It's true that cucumbers are best planted as seed in the location in which they will grow. There are however many considerations to work through when contemplating a relocation.
What I'm thinking in this situation...
Leave in small pots:
- no risk of transplant shock;
- water daily;
- apply tonic (such as seaweed emulsion) weekly;
- apply fertiliser fortnightly;
- greater risk of plant disease;
- expect smaller plants with low yield / small crop.
Transplant to large pots or into ground:
- risk of transplant shock;
- water weekly;
- apply tonic (such as seaweed emulsion) fortnightly;
- apply fertiliser monthly;
- lower risk of plant disease;
- expect larger plants with higher yield / larger crop.
Also what season are you currently in? Heading into winter or summer? I'm assuming the latter. So you should be in peak growing season, ensuring the plants are at their greatest potential for adaptation.
Ideally the plants would go into the ground or those 5 gallon buckets you use for your tomatoes, or larger if possible. The more good soil you can provide for your plants the happier and more resilient to pests it will be.
Untangling the vines would be a difficult task, however necessary if you want to transplant. You'd be better cutting the tendrils that have latched onto the trellis and cutting the vines that have wrapped around the trellis. This may seem difficult to do but the plant will heal and will, for the transplant, provide a smaller plant that will have a greater chance of recovery.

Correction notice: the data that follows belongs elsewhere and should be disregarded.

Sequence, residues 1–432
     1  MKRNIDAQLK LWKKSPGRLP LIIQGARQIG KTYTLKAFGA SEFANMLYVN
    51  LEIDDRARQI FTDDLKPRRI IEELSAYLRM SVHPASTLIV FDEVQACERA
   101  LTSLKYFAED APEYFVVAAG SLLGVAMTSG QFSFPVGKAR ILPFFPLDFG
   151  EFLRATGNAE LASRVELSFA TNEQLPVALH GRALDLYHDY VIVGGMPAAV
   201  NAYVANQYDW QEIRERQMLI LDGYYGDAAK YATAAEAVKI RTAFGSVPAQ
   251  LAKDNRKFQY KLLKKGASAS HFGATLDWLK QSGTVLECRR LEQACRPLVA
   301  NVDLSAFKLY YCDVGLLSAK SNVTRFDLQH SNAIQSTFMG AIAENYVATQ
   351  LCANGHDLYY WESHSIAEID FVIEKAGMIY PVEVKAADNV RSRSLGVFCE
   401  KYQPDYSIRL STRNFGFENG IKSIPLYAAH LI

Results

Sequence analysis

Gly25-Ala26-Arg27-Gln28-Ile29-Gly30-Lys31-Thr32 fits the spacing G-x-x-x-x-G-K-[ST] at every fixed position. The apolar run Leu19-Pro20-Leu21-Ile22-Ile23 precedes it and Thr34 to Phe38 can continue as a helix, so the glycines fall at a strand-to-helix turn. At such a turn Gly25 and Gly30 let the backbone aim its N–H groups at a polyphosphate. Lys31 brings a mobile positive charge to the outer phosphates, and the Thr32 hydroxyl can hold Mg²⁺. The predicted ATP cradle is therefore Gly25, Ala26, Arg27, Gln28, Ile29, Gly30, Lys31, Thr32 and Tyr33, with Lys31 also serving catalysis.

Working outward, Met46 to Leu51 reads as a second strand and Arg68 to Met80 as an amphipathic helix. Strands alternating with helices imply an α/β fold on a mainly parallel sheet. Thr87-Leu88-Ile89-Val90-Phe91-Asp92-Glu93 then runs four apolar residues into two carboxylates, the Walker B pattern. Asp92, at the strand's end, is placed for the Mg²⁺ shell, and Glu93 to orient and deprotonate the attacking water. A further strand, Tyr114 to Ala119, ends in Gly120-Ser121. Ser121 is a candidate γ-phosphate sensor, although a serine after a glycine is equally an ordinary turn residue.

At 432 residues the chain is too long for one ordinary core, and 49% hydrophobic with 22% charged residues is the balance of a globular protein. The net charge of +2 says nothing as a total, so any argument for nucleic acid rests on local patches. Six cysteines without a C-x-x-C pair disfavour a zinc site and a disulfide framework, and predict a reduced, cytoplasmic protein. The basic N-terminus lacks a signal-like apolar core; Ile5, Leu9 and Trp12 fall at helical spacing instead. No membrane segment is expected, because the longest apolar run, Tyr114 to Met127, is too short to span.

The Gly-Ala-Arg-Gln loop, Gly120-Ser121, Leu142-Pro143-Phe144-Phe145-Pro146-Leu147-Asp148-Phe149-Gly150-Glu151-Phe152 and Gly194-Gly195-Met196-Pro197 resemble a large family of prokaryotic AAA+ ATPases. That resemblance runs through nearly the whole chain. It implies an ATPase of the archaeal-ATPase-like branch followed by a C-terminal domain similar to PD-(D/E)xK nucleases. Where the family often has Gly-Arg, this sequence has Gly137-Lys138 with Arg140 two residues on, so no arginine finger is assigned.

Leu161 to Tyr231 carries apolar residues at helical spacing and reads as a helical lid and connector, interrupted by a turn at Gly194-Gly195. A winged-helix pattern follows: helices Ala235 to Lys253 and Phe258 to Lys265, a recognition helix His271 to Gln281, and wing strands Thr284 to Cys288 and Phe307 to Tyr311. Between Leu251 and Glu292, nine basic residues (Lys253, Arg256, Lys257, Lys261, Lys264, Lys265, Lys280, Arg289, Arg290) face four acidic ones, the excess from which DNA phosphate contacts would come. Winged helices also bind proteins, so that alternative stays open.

What you'll be attempting to achieve during transplant is minimal root disturbance. Do not water for at least a day before transplant. A dry soil is more likely to hold together than a wet soil when removed from a pot.
Make sure that if you decide to transplant, have everything ready so all that is needed is to turn your cucumbers out of their existing pot, carefully place in their new larger pots, carefully fill soil around the edges and finally water in.
A reminder that what you'll be attempting to achieve during transplant is minimal root disturbance.
When you water in the transplanted plants, make sure you include a liquid tonic such as seaweed extract or bacterial "probiotic". This should help your plant minimise "transplant shock" and repel any pests and disease.
Lastly it's worth mentioning an alternative - that you could also set up the new larger pot/s, buy two new advanced cucumber plants from a local nursery and plant your existing and the new plants at the same time, so that if you did lose the older more advanced plants at least you would be likely to retain the smaller less advanced plants.